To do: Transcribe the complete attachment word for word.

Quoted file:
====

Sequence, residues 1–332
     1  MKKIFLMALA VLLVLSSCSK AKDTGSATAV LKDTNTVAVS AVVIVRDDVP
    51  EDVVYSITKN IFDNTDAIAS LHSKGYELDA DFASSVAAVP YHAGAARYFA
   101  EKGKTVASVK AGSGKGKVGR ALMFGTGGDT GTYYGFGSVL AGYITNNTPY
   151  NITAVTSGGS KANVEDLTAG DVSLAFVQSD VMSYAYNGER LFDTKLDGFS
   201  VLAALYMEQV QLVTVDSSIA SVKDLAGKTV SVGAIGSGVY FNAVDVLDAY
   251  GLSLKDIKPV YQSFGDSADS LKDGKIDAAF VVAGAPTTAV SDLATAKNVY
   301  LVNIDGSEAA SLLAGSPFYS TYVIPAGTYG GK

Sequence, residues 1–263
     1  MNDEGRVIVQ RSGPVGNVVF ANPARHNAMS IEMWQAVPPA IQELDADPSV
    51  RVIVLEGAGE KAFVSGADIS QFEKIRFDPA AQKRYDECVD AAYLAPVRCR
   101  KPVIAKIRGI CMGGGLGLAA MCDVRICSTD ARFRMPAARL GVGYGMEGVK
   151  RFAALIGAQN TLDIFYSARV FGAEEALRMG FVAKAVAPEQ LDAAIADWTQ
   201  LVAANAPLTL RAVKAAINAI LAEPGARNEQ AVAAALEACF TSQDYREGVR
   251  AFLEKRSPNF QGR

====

Sequence, residues 1–332
     1  MKKIFLMALA VLLVLSSCSK AKDTGSATAV LKDTNTVAVS AVVIVRDDVP
    51  EDVVYSITKN IFDNTDAIAS LHSKGYELDA DFASSVAAVP YHAGAARYFA
   101  EKGKTVASVK AGSGKGKVGR ALMFGTGGDT GTYYGFGSVL AGYITNNTPY
   151  NITAVTSGGS KANVEDLTAG DVSLAFVQSD VMSYAYNGER LFDTKLDGFS
   201  VLAALYMEQV QLVTVDSSIA SVKDLAGKTV SVGAIGSGVY FNAVDVLDAY
   251  GLSLKDIKPV YQSFGDSADS LKDGKIDAAF VVAGAPTTAV SDLATAKNVY
   301  LVNIDGSEAA SLLAGSPFYS TYVIPAGTYG GK

Sequence, residues 1–263
     1  MNDEGRVIVQ RSGPVGNVVF ANPARHNAMS IEMWQAVPPA IQELDADPSV
    51  RVIVLEGAGE KAFVSGADIS QFEKIRFDPA AQKRYDECVD AAYLAPVRCR
   101  KPVIAKIRGI CMGGGLGLAA MCDVRICSTD ARFRMPAARL GVGYGMEGVK
   151  RFAALIGAQN TLDIFYSARV FGAEEALRMG FVAKAVAPEQ LDAAIADWTQ
   201  LVAANAPLTL RAVKAAINAI LAEPGARNEQ AVAAALEACF TSQDYREGVR
   251  AFLEKRSPNF QGR